# Introduction Number Systems and Conversion

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1 UNIT 1 Introduction Number Systems and Conversion Objectives 1. Introduction The first part of this unit introduces the material to be studied later. In addition to getting an overview of the material in the first part of the course, you should be able to explain a. The difference between analog and digital systems and why digital systems are capable of greater accuracy b. The difference between combinational and sequential circuits c. Why two-valued signals and binary numbers are commonly used in digital systems 2. Number systems and conversion When you complete this unit, you should be able to solve the following types of problems: a. Given a positive integer, fraction, or mixed number in any base (2 through 16); convert to any other base. Justify the procedure used by using a power series expansion for the number. b. Add, subtract, multiply, and divide positive binary numbers. Explain the addition and subtraction process in terms of carries and borrows. c. Write negative binary numbers in sign and magnitude, 1 s complement, and 2 s complement forms. Add signed binary numbers using 1 s complement and 2 s complement arithmetic. Justify the methods used. State when an overflow occurs. d. Represent a decimal number in binary-coded-decimal (BCD), code, excess-3 code, etc. Given a set of weights, construct a weighted code. 1

2 2 Unit 1 Study Guide 1. Study Section 1.1, Digital Systems and Switching Circuits, and answer the following study questions: (a) What is the basic difference between analog and digital systems? (b) Why are digital systems capable of greater accuracy than analog systems? (c) Explain the difference between combinational and sequential switching circuits. (d) What common characteristic do most switching devices used in digital systems have? (e) Why are binary numbers used in digital systems? 2. Study Section 1.2, Number Systems and Conversion. Answer the following study questions as you go along: (a) Is the first remainder obtained in the division method for base conversion the most or least significant digit? (b) (c) Work through all of the examples in the text as you encounter them and make sure that you understand all of the steps. An easy method for conversion between binary and hexadecimal is illustrated in Equation (1-1). Why should you start forming the groups of four bits at the binary point instead of the left end of the number? (d) Why is it impossible to convert a decimal number to binary on a digit-bydigit basis as can be done for hexadecimal?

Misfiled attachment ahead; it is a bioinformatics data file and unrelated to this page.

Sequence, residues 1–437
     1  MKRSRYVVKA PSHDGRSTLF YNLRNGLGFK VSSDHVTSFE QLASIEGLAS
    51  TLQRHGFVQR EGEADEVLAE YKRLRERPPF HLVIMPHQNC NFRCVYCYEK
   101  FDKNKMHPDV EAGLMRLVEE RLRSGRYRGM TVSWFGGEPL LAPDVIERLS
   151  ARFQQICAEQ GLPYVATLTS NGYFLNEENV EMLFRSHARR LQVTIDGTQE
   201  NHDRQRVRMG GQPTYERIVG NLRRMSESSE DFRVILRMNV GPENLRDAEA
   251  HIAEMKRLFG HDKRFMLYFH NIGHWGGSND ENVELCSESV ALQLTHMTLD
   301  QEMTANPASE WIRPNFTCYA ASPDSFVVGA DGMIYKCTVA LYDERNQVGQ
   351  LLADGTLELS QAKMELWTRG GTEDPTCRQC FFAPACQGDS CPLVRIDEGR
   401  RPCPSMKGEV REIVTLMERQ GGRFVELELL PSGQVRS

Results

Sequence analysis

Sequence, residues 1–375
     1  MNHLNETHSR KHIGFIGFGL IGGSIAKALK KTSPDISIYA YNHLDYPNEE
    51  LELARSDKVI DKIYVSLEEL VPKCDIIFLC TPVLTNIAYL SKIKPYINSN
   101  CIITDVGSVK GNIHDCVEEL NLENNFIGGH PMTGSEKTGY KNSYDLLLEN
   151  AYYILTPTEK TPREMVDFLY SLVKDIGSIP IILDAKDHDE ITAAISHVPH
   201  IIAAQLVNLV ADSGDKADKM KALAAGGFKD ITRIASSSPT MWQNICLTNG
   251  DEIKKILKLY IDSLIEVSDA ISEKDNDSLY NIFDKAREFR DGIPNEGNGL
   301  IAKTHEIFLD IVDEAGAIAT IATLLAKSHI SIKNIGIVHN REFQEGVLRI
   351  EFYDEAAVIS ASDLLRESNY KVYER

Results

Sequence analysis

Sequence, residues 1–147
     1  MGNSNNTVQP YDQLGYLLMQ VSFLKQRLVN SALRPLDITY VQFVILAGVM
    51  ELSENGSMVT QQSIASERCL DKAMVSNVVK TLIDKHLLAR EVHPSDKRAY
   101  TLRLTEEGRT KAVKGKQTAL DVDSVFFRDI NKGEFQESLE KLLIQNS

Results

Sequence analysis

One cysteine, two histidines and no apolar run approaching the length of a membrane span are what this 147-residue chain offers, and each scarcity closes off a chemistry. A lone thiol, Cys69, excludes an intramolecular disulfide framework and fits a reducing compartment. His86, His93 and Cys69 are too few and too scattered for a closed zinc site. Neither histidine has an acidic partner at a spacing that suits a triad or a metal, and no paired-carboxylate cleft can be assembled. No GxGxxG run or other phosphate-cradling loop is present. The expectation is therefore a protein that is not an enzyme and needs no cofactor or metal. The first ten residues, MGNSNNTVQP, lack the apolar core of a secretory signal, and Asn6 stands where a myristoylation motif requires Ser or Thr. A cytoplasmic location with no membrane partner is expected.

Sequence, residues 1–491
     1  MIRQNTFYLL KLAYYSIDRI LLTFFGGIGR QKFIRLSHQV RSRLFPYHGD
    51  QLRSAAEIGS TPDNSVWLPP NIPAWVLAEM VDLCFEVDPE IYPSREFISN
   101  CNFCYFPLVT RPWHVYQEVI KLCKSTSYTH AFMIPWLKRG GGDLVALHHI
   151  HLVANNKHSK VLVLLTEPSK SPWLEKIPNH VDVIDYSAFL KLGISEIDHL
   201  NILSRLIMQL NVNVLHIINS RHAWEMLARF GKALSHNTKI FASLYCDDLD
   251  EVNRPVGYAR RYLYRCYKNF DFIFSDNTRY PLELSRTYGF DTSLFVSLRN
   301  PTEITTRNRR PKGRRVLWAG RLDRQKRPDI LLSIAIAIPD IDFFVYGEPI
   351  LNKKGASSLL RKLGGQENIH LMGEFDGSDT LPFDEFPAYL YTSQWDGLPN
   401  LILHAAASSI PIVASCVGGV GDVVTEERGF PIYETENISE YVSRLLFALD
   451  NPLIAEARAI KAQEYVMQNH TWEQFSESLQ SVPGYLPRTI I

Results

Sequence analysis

3 Number Systems and Conversion 3 (e) Complete the following conversion table. Binary Octal Decimal Hexadecimal (base 2) (base 8) (base 10) (base 16) (f) Work Problems 1.1, 1.2, 1.3, and Study Section 1.3, Binary Arithmetic. (a) Make sure that you can follow all of the examples, especially the propagation of borrows in the subtraction process. (b) To make sure that you understand the borrowing process, work out a detailed analysis in terms of powers of 2 for the following example: Work Problems 1.5, 1.6, and 1.17(a). 5. Study Section 1.4, Representation of Negative Numbers. (a) In digital systems, why are 1 s complement and 2 s complement commonly used to represent negative numbers instead of sign and magnitude?

4 4 Unit 1 (b) State two different ways of forming the 1 s complement of an n-bit binary number. (c) State three different ways of forming the 2 s complement of an n-bit binary number. (d) If the word length is n 4 bits (including sign), what decimal number does represent in sign and magnitude? In 2 s complement? In 1 s complement? (e) Given a negative number represented in 2 s complement, how do you find its magnitude? Given a negative number represented in 1 s complement, how do you find its magnitude? (f) If the word length is 6 bits (including sign), what decimal number does represent in sign and magnitude? In 2 s complement? In 1 s complement? (g) What is meant by an overflow? How can you tell that an overflow has occurred when performing 1 s or 2 s complement addition? Does a carry out of the last bit position indicate that an overflow has occurred?